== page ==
Jennifer Higgie

Faith Wilding, Leaf Scroll (detail), 1985. Courtesy: Anat Ebgi, Los Angeles

Faith Wilding, Leaf Scroll (detail), 1985. Courtesy: Anat Ebgi, Los Angeles

Faith Wilding, ‘Scriptorium Revisited’

Anat Ebgi

9 February – 9 March

Saint Hildegard of Bingen observed ‘the shade of the living light’ at the tender age of three. By five, she was having divine visions. Hildegard, a 12th century German abbess, writer, mystic, philosopher, botanist and cultural practitioner, occupies a central position in Faith Wilding’s exhibition ‘Scriptorium Revisited’, which the West Coast artist and activist sees as the induction of Hildegard’s scripture into an ‘eco-feminist mythology’. The mythology is told, chiefly, through watercolour: tentacle-like protrusions intertwine to form hazy, new age bouquets; animistic deities with spider-webbed wings extend their curling, reptilian tails; beams of light intersect with sturdy tree trunks to form shrines to ruling mystics who remain unseen. Two gouache and watercolour paintings, Pages from the Scriptorium (Black Dog) and Pages from the Scriptorium (Blue Bird) (both 1985), depict naked bodies being consumed by their titular beasts, as death heralds rebirth in the great tale of infinite existence.

In a contemporary age defined by its digitalism, its hyper-acceleration, its cohabitation with its own future, a reinvestment in mysticism and lore of the old kind makes a curious type of sense. As we liberate ourselves from our physicality, floating our clunky bodies up into the baffling non-place of the cloud, we recommit to a once-debunked myth: that meaning can exist beyond the cold, hard edges of our own forms; that in looking out, not in, we might once again discern the shade of the living light.

Harry Thorne

Robert Wilhite, 'Art and Design', 2019, installation view. Courtesy: as is, Los Angeles; photograph: Carlotta Guerra

Robert Wilhite, ‘Art and Design’, 2019, installation view. Courtesy: as is, Los Angeles; photograph: Carlotta Guerra

Robert Wilhite

As Is

6 January – 19 February

Dal cucchiaio alla citta (from the teaspoon to the city) runs the modernist formula – most often attributed to Ernesto Rogers – for ‘total’ design, the architectural Gesamkunstwerk. In other words, where some see stools, others see skyscrapers (and vice-versa); or, the art of the smallest daily details should not be overlooked. At one extreme, this mantra edges uncomfortably towards a kind of architectural patricianism while, at the other, it dissolves into light-touch dilettantism. However, there is a rich tradition – reaching back, via the Bauhaus, to the Weiner Werstätte and beyond – of artists testing their mettle (bad pun intended) by designing flatware.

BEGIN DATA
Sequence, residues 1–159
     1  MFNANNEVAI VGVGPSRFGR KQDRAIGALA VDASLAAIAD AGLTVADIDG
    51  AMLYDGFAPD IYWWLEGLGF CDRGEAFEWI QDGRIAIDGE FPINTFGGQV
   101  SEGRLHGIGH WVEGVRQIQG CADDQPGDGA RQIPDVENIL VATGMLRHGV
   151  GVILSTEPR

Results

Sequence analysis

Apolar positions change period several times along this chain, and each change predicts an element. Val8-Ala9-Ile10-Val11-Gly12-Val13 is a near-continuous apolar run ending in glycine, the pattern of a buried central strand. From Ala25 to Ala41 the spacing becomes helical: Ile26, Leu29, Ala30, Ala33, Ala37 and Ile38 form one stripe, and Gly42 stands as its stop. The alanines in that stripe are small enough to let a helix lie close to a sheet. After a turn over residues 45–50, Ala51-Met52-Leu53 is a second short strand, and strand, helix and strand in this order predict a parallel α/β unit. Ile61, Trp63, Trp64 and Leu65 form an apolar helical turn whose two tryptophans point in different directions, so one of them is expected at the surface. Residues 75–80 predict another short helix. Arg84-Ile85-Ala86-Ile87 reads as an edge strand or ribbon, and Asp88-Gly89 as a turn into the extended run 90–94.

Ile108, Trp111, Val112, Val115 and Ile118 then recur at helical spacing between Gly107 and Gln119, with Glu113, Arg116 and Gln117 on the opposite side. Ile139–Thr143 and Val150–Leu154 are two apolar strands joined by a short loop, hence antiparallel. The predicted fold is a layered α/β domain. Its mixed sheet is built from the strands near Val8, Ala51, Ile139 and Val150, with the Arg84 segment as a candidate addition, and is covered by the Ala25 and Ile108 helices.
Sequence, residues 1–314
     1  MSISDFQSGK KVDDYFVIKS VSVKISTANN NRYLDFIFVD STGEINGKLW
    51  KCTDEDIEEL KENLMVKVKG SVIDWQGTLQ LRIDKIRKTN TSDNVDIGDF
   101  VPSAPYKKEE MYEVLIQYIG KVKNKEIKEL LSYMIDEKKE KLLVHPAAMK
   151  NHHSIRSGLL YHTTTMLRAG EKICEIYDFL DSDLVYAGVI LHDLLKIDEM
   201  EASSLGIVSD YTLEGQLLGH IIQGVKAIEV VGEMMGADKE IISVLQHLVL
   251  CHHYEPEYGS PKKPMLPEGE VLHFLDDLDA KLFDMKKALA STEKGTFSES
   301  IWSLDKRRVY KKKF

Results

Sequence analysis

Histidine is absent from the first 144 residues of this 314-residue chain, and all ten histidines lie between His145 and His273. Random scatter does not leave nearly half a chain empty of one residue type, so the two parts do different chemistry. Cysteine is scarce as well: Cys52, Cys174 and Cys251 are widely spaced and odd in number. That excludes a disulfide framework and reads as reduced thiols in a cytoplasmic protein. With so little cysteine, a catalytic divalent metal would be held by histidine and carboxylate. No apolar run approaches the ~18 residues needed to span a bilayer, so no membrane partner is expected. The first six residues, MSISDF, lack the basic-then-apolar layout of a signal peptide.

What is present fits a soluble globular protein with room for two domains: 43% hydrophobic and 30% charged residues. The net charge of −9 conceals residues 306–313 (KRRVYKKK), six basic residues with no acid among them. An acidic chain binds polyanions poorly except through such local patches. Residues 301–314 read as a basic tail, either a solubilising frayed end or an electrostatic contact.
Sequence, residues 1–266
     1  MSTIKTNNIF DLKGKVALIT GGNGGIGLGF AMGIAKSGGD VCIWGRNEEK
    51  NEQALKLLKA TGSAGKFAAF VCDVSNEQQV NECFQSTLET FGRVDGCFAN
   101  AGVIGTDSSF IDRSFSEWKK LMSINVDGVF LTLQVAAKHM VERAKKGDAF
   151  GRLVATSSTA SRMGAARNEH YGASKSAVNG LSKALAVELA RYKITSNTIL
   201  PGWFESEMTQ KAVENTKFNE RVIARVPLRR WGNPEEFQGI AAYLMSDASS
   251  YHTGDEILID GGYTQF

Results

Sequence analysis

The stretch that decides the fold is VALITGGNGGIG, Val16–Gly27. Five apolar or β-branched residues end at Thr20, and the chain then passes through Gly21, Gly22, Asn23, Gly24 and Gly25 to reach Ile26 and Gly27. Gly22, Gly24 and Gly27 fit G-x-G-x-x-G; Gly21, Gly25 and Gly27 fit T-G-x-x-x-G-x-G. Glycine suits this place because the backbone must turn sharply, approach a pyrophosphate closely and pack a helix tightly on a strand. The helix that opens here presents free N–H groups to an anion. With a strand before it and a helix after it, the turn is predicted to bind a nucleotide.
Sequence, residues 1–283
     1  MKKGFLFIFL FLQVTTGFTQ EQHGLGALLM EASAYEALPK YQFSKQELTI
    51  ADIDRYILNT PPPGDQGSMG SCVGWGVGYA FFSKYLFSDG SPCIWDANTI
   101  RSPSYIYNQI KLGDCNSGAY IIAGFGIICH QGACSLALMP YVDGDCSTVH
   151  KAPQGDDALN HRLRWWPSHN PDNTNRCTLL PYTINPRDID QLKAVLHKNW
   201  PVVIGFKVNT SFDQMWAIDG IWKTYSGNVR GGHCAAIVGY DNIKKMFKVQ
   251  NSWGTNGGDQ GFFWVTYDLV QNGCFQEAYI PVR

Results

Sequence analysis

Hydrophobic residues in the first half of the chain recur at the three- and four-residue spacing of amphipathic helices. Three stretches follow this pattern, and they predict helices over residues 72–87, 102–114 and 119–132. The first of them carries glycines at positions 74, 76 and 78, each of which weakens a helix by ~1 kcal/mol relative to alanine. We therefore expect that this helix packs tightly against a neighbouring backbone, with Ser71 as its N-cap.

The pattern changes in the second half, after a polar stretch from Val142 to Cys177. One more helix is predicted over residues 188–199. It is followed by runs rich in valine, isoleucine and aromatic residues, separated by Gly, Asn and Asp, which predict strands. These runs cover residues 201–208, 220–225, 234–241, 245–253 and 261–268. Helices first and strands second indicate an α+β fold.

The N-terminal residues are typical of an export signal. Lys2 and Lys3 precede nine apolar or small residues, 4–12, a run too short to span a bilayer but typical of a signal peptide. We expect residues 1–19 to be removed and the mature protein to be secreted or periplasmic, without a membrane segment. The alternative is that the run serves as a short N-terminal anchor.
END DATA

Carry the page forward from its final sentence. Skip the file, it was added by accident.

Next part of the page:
‘Robert Wilhite: Art and Design’, a concise but multifaceted exhibition of works by the LA-based artist at As Is, opens with a display case of flatware designed in the 1980s and sold commercially in the ’90s. (A wormhole-like binder of archival clippings on the gallery’s mezzanine shows them to have been distributed through such culturally-savvy outlets such as the MoMA store). The surrounding walls are hung with a grid of simply framed, postcard-sized pencil drawings of the implements, frontally and in elevation, with precisely noted measurements, as in architectural studies. One of the first students at UC Irvine, in the mid-1960s, Wilhite studied fine art with artists such as Larry Bell, Robert Irwin and Ed Moses; however, as the furniture, theatre props and Tatlin’s Tower-esque installations in the gallery’s main space indicate, his is a body of work that is hard to pin down. Many of the objects here were made for use in plays staged by the late Guy de Cointet, with whom Wilhite collaborated frequently until the former’s death in 1983. Amongst them are three gongs – flat geometric forms made from different metals hang – and a series of painted chairs. With their impossibly angled perches, they remind us that artists, liberated from functionalism, need be slaves neither to cucchiaio nor città.

Amy Sherlock

Main Image: Tony Cokes, ‘Della’s House’, 2019, installation view. Courtesy: the artist and Hannah Hoffman, Los Angeles

Contemporary Art and Culture